Steve Lemon, Co-founder & Vice President, Currencycloud

Industry View from

Payments: where consumers lead, businesses will follow

The payments industry has seen huge innovation over the last five years, and consumers are reaping the benefits. Unfortunately, the benefits to the business world have been slower to materialise. However, banks that traditionally viewed fintechs as the “enemy” are now considered valued partners, and that is good news for developing businesses.

 

Debit cards aimed at travellers, the growth of money transfer services, mobile-only challenger banks, big tech racing to be a payment method of choice, and the ubiquity of digital wallets in Asia are just some of the huge changes consumers have seen. And it is only a matter of time before such innovation reaches businesses.

 

The IT systems on which the traditional banks are built are in some cases 50 years old, and no longer fit for purpose for today’s demanding customer. Emerging technology and an entrepreneurial spirit have seen the rise of fintechs, creating services that benefit businesses and compete for banks’ customers on much slicker IT stacks.

 

At the same time regulators are attempting to increase competition by forcing banks to share core customer information to deliver the services that were previously monopolised by banks. For example, Currencycloud, a company disrupting cross-border money flows, enables businesses to avoid some of the charges associated with international payments while delivering speed and transparency that traditional banks can’t offer.

 

And while technology and regulation have brought massive change to the industry, perhaps the single biggest change is the customer.

 

Millennials and Generation Z are the core of the future workforce. They are digital natives for whom living online, on the move and where almost everything can be accomplished with a finger swipe on a mobile, is entirely natural.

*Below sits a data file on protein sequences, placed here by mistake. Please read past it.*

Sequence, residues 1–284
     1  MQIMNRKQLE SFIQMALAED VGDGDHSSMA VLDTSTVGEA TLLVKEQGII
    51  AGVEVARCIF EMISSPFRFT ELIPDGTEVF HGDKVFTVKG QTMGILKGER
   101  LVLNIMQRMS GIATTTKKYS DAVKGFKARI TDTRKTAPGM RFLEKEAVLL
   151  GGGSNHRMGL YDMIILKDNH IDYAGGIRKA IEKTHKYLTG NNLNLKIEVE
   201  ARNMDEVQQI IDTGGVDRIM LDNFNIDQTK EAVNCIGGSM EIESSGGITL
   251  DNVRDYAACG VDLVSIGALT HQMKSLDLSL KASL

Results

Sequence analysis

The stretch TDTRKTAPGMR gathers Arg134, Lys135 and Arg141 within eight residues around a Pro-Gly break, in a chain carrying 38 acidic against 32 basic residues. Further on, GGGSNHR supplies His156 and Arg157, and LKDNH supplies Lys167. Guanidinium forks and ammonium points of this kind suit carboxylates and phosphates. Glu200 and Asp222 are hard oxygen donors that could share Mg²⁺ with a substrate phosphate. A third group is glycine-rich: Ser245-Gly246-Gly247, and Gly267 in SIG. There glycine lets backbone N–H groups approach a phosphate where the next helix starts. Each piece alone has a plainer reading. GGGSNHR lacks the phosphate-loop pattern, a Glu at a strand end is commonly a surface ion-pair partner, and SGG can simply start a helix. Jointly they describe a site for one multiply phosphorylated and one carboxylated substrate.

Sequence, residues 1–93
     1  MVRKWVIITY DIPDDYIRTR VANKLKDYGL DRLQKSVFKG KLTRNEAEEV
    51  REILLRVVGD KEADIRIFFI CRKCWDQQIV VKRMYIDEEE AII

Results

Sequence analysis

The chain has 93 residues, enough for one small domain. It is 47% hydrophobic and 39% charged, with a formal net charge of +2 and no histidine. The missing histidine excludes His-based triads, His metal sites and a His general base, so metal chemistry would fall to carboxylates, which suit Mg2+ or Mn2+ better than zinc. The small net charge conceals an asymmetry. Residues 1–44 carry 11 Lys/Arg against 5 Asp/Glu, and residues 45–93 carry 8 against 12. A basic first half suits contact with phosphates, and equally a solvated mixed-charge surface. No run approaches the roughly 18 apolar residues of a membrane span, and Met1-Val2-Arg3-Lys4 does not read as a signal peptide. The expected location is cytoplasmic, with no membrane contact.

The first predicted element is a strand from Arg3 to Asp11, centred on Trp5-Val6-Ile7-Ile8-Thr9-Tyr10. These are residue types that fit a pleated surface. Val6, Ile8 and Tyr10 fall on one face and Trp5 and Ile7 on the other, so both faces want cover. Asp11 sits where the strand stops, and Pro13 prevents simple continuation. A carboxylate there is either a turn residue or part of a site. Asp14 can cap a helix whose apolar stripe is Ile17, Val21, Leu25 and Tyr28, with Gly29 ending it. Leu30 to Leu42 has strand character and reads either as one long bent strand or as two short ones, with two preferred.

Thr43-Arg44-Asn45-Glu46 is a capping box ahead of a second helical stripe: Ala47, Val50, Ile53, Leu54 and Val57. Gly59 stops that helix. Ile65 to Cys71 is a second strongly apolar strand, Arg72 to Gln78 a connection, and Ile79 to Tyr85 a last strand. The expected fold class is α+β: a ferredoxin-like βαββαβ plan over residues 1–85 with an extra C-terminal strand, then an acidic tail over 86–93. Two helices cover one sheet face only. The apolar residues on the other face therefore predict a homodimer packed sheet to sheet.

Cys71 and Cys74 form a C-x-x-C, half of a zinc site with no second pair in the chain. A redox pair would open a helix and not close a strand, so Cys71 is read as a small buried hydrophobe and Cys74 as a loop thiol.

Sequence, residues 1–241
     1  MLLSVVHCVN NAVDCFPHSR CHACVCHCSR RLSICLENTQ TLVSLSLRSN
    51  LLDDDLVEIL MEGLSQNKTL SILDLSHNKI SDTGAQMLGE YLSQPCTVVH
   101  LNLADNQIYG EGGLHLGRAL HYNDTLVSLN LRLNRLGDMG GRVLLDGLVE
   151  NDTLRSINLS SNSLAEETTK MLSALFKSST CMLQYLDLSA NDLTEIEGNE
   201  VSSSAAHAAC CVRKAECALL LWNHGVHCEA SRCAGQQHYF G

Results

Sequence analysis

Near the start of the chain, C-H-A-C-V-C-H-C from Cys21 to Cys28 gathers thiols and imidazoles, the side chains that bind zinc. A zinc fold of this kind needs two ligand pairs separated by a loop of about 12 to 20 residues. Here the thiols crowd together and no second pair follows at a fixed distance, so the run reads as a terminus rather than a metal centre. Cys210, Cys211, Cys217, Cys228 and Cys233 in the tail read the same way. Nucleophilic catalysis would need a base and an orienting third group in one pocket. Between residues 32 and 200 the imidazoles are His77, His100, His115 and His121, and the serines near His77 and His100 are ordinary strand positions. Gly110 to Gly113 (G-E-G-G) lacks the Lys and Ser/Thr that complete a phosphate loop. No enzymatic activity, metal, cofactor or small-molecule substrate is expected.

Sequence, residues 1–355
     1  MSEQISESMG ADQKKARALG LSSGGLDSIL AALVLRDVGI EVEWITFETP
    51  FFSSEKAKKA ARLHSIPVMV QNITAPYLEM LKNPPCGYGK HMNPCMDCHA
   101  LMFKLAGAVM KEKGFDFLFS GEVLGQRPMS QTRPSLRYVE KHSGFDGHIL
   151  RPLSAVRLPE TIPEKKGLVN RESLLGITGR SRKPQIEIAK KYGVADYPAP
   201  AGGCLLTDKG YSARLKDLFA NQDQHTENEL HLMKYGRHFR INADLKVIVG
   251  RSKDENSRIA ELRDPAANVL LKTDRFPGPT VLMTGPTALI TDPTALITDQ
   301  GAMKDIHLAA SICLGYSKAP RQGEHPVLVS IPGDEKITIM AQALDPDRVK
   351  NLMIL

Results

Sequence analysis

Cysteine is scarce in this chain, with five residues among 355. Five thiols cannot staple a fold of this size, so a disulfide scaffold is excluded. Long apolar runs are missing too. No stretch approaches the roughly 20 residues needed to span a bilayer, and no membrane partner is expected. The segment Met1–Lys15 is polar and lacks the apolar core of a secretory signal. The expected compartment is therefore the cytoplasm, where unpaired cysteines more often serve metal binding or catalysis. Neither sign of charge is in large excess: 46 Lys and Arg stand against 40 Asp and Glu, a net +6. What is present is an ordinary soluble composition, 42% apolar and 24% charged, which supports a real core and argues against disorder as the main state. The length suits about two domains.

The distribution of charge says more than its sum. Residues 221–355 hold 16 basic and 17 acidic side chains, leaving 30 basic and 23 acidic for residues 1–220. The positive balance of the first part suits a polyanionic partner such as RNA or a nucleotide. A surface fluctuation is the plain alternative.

So when a neo-bank such as Starling offers them a whole new way to bank, or when Apple lets them pay with their watch, or Revolut offers savings on holiday money, they’re enthusiastic adopters. When you see the ubiquity of digital wallets such as Alipay and WeChat in Asia, you can see a future where the traditional banks are no longer the core of the financial system.

 

When new services make life simpler, easier, faster or cheaper, and you’re comfortable with that environment, why stick with old, traditional, opaque and costly alternatives? As younger generations’ responsibilities grow in business, they will take a similar approach to business banking that they do to personal banking. They will move for a better service, and traditional banks must adapt.

 

The quickest route for banks to do this is through partnerships with fintechs. The cost of building new core-banking technology is prohibitive, but partnering with fintechs is not. We are seeing more and more banks move in this direction. It is their lifeline to keeping their customers.

 

And the big winners? The customers themselves.


Our enterprise-class solutions, tailored to your business. Get in touch today.

Related articles

What's next?

Get our latest features in your inbox

Join our community of business leaders